Run docker container prune to clean up stopped containers. Stopped containers don’t appear when you run docker ps; to see them, you’ll need to use docker ps -a to show all the containers on your system.

If you want to remove an individual container, use the docker rm command passing the container’s ID. You can get this by running docker ps. If the container is running, you’ll need to use the --force flag to delete it.

Pruning Images

Use docker image prune to remove all dangling images. Like docker system prune, this will affect images that are either untagged or are not referenced by any container.


Add the -a flag to instead delete all unused images. This will purge every image on your system that’s not required by at least one container. Tagged images will be included too, letting you quickly clear up old pulls from Docker Hub.

You can remove a specific image with the docker rmi command:

docker rmi wordpress:latest

When one image has multiple tags, docker rmi will remove the given tag without actually deleting the image. It will be deleted once the last tag has been removed.

Pruning Networks

Docker networks aren’t cleaned automatically. Over time, you can end up with a large number of them. This clutters your system with redundant virtual bridge devices and routing table entries. Run docker network prune to destroy any unused networks and revert the changes to your host’s configuration.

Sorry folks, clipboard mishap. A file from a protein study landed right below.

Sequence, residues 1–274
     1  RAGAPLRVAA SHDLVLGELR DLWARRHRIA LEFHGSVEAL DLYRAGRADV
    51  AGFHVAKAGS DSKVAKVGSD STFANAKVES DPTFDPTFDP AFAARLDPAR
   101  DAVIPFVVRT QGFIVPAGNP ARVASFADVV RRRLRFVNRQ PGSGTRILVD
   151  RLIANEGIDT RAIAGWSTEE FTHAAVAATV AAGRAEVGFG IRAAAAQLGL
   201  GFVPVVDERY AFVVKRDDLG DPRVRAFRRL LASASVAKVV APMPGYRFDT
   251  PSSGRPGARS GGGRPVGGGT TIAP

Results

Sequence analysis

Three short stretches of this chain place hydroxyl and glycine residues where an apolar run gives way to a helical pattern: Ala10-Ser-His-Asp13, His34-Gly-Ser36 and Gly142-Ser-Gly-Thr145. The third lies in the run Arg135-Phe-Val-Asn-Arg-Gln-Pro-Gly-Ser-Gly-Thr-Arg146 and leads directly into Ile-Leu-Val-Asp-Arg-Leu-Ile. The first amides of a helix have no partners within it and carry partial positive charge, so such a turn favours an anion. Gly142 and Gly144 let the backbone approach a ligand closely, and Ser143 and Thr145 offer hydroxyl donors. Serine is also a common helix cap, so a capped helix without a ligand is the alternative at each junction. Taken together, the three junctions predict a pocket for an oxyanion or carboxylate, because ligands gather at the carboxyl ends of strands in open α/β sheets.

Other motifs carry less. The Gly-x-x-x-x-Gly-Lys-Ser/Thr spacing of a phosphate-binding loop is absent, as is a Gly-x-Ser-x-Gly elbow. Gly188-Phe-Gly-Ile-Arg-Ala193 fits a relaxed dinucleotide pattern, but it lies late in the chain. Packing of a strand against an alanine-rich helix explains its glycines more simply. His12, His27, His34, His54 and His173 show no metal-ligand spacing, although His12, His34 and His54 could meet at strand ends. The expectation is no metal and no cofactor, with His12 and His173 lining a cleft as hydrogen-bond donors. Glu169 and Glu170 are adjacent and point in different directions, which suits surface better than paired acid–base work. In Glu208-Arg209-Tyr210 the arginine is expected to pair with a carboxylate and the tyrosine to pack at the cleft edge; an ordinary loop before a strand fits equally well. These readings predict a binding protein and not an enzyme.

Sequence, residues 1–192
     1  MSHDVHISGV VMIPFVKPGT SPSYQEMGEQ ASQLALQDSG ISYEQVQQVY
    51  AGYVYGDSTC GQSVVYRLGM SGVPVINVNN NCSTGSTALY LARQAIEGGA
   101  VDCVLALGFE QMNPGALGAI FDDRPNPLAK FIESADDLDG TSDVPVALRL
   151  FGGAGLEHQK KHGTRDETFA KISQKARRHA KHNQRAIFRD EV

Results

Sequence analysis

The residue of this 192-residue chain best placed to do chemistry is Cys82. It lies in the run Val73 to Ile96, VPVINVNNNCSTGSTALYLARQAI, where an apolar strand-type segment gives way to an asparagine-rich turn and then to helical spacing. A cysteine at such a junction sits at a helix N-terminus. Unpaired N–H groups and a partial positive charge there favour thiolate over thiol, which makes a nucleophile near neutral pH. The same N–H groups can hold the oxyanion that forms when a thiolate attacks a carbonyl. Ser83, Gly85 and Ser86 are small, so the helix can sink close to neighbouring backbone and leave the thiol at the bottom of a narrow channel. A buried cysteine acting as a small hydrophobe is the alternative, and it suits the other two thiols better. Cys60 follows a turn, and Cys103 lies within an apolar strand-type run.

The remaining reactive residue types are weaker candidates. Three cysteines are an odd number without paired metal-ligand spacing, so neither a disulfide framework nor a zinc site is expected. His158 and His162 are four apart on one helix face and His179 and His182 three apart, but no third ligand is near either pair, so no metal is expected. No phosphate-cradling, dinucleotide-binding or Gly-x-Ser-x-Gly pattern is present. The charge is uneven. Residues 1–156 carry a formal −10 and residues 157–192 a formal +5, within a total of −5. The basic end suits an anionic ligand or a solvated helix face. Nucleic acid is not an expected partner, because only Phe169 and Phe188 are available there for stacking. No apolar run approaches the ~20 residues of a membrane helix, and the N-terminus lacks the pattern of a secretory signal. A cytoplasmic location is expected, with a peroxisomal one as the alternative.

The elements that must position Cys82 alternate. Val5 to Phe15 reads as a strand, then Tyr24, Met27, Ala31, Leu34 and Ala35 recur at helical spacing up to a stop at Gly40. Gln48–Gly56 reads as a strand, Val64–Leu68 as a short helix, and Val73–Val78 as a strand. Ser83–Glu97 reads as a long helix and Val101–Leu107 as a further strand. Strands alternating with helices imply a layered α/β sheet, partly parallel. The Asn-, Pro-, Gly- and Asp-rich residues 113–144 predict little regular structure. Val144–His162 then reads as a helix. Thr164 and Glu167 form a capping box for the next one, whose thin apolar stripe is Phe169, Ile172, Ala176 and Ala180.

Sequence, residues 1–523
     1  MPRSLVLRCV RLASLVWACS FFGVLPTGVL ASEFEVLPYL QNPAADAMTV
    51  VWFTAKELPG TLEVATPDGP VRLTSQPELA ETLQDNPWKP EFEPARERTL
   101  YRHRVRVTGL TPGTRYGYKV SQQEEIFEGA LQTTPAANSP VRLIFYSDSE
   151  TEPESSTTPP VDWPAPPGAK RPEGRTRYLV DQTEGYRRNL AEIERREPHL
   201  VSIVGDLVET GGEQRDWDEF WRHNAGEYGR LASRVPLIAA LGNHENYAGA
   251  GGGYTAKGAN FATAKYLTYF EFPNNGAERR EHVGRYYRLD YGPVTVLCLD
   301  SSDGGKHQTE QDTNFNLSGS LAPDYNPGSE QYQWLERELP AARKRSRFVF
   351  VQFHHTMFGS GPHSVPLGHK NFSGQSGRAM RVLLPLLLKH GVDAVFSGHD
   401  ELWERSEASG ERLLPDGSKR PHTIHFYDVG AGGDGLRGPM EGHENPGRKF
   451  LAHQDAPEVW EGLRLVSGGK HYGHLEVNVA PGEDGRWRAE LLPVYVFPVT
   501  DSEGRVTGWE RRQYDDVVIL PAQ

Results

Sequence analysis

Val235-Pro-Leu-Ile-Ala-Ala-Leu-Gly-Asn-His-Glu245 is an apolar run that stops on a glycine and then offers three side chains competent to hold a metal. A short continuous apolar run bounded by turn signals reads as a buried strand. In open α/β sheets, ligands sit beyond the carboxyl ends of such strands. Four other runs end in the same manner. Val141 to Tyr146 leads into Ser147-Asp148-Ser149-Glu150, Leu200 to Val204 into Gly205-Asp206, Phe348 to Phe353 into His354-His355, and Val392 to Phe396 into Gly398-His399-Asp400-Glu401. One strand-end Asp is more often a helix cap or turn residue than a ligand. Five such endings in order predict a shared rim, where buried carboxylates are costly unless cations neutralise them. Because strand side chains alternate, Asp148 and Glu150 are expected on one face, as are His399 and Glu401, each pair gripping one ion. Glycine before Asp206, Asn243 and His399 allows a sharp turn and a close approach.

You can delete individual networks by running docker rm my-network.

Pruning Volumes

Docker will never delete a volume. They store the persistent data created by your containers so unintended removal could have devastating consequences. Volumes may also be shared by multiple containers or left dormant ready to attach to another container in the future.


If you want to prune unused volumes, you should run docker volume prune. This will delete any volumes which aren’t used by at least one container. Individual volumes can be removed using docker volume rm my-volume.

Preventing Future Accumulation

You can minimise the risk of redundant resources piling up in the future by taking care to pass the --rm flag to docker build and docker run commands.

When used with build, it will cause the deletion of intermediary build layers (marked as <none>:<none> in docker images) output. This can represent a significant reduction in disk usage. A new intermediary layer is normally created for each instruction in your Dockerfile. You can usually remove them unless you intend to use them later as the starting point for a new image.

Using --rm with docker run will remove the container as soon as its command exits. This is ideal when running a binary in a single-use container. Don’t pass --rm to containers you intend to run perpetually, or that you might want to start and stop on-demand. Examples include web and database servers that run a service instead of a user-supplied command.


Pruning your Docker resources can free up disk space and help you work with the Docker CLI. Eliminating redundant containers and images makes it easier to identity the resources you’re looking for.

Docker won’t delete anything unless you tell it to. It’s worth running docker system prune periodically to keep your system clean. You could create a cron task that runs it monthly, using the until filter to create a retention period for recently added resources.

Profile Photo for James Walker James Walker
James Walker is a contributor to How-To Geek DevOps. He is the founder of Heron Web, a UK-based digital agency providing bespoke software development services to SMEs. He has experience managing complete end-to-end web development workflows, using technologies including Linux, GitLab, Docker, and Kubernetes.